May 25, 2021

The impact of treatments on your ejaculations

Side effects related to sexual function following treatment for prostate cancer can affect your ejaculations, erectile function, and libido if you are on hormone therapy. It is essential to have frank and honest communications and to obtain timely medical help and support from a sex therapist to cope with these changes.

Regarding your ejaculations, we are always surprised to hear the question "where did my ejaculation go" following radical surgery or radiotherapy treatment. Because one of the important side effects, according to patients, is erectile dysfunction long before ejaculation...

Other treatments, such as those to decrease the size of your prostate in the presence of hyperplasia/enlarged prostate (BPH) can also have an impact on your ejaculations.

Here are some answers to your questions.

Why am I no longer ejaculating? 

To answer this question, you need to understand the anatomy of your prostate and its role in ejaculation.

Your prostate is essential for your fertility. Without it, you cannot fertilize an egg naturally. Its main role is to produce prostatic fluid, which is rich in enzymes, proteins and minerals, which help protect and nourish your sperm. During orgasm, your prostate pushes this fluid into your urethra, where it mixes with your sperm and the seminal fluid produced and stored in your seminal vesicles - pouches located on either side of your prostate - before being ejaculated as of semen.

The impact of radical surgery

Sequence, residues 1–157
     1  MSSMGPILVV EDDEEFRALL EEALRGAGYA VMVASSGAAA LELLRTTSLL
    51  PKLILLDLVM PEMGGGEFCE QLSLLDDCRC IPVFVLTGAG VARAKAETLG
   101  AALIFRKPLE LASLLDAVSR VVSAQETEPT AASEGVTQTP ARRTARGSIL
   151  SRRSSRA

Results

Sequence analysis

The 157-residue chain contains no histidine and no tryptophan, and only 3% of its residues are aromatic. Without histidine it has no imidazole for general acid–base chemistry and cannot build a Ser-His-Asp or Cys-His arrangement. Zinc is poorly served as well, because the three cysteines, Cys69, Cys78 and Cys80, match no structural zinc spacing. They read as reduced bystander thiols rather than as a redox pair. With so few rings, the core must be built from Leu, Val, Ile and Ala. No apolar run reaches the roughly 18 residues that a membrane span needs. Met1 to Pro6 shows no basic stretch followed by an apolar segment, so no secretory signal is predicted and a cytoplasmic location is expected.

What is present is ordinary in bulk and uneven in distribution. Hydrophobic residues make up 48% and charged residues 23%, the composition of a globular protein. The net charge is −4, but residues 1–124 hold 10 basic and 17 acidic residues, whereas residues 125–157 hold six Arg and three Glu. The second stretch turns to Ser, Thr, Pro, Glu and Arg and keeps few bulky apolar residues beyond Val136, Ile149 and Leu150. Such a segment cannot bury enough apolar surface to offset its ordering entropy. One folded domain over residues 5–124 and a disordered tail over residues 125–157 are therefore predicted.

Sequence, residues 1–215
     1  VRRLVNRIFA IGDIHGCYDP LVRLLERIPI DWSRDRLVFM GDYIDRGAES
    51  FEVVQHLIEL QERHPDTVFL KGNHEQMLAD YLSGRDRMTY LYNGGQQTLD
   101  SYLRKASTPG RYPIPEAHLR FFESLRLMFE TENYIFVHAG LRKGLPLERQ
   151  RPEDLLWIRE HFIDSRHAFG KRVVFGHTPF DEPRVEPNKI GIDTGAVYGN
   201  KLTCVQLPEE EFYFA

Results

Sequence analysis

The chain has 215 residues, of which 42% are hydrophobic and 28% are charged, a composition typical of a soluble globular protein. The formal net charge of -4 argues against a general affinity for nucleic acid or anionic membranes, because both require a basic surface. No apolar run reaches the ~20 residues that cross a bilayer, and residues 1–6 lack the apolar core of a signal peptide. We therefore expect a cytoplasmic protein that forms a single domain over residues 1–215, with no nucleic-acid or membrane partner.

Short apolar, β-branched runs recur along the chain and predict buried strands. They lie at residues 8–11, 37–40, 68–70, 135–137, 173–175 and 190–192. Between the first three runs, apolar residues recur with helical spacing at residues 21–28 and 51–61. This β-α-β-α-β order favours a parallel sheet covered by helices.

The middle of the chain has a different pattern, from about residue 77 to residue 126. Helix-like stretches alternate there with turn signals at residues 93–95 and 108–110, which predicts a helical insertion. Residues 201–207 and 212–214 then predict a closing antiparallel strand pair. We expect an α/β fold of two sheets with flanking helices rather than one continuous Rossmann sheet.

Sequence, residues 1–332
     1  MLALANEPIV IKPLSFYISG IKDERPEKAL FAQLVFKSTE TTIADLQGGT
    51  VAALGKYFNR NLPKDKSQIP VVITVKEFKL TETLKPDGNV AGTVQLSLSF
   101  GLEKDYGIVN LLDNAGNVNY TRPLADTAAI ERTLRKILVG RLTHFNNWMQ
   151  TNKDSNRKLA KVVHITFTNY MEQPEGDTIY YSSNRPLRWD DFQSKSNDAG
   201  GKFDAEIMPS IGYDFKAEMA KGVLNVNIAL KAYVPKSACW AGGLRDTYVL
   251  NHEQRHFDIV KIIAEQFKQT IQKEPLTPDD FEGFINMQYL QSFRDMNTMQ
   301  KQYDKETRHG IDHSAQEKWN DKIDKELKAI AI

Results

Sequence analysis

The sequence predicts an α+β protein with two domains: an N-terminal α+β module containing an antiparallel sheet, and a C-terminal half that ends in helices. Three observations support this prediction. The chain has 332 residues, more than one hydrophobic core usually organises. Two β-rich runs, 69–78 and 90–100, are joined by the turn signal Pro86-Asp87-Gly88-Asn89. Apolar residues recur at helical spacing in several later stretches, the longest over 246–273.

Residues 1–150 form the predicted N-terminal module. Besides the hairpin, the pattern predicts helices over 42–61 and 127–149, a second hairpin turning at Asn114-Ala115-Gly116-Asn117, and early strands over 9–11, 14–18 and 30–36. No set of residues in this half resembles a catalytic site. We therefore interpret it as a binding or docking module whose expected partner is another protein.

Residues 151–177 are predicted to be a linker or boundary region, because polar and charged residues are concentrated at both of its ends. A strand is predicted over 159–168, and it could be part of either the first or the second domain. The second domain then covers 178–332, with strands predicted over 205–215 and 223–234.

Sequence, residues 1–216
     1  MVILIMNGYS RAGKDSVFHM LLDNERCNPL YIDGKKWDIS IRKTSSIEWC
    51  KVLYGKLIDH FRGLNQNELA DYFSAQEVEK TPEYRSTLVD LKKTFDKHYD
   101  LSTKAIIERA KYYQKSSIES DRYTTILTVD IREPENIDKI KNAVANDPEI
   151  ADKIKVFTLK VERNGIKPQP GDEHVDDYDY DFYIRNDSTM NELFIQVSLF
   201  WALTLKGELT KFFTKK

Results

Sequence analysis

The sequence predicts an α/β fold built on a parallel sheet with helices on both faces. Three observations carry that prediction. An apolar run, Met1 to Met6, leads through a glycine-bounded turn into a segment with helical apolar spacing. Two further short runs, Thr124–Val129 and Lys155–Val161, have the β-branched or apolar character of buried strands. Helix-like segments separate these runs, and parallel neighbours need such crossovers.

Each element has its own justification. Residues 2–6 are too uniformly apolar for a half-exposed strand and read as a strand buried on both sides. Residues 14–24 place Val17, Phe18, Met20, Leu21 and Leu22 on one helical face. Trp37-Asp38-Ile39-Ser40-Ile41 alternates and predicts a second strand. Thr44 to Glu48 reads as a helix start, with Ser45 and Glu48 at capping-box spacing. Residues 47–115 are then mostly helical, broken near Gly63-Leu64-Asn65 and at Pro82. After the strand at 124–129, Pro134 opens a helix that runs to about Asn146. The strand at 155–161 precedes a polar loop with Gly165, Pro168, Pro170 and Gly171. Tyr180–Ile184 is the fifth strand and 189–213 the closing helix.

The radical surgery used to treat your prostate cancer affects your ejaculations as the source of the semen (ie your prostate and seminal vesicles) is removed; your libido remains intact, you can still have orgasms, but without ejaculate. This is called aspermia or anejaculation, hence the expression “dry orgasm”.

Another common phenomenon in recovery after radical surgery is urine leakage during an orgasm, known as climacturia. While this usually improves over time, you can adopt strategies to work around this problem during sex by doing your Kegel exercises, emptying your bladder before sex, and wearing a condon as needed. Easier to write than to put into practice, we know that. Give yourself time and stick with it!

What about radiotherapy? 

Because external radiotherapy or brachytherapy delivers large doses of rays to your prostate, more or less significant ejaculation disorders can occur after these treatments: reduction in volume (hypospermia) or disappearance of ejaculation (aspermia), retrograde ejaculation or discomfort during ejaculation.

I urinate my semen. Why?

Because you have what is called a retrograde ejaculation. It is an ejaculation that goes up towards your bladder instead of exiting through the urethra out of the penis. Orgasm remains present as does the mechanism for expelling your semen (with the contraction of your muscles in the perineal region). Retrograde ejaculation is not always complete: in fact, part of your semen can go back into your bladder while the other follows the normal course of ejaculation. Thus, you produce urine mixed with your semen.

Retrograde ejaculation often occurs after natural prostate surgery called TURP to treat severe BPH. Benign prostatic hyperplasia surgery widens your bladder neck and it cannot close during ejaculation: this leads to the expulsion of semen into the bladder rather than outside. of the penis.


Take the time to visit each of our pages on this website, as well as our YouTube channel, in order to get familiar with the disease with our expert lectures, our section on available resources, the support that is offered to you.

Do you have any questions or concerns? Above all, do not hesitate. Contact us at 1 855 899-2873 to discuss with a nurse specializing in uro-oncology. It's simple and free, like all our services.

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Written by PROCURE. © All rights reserved - 2021

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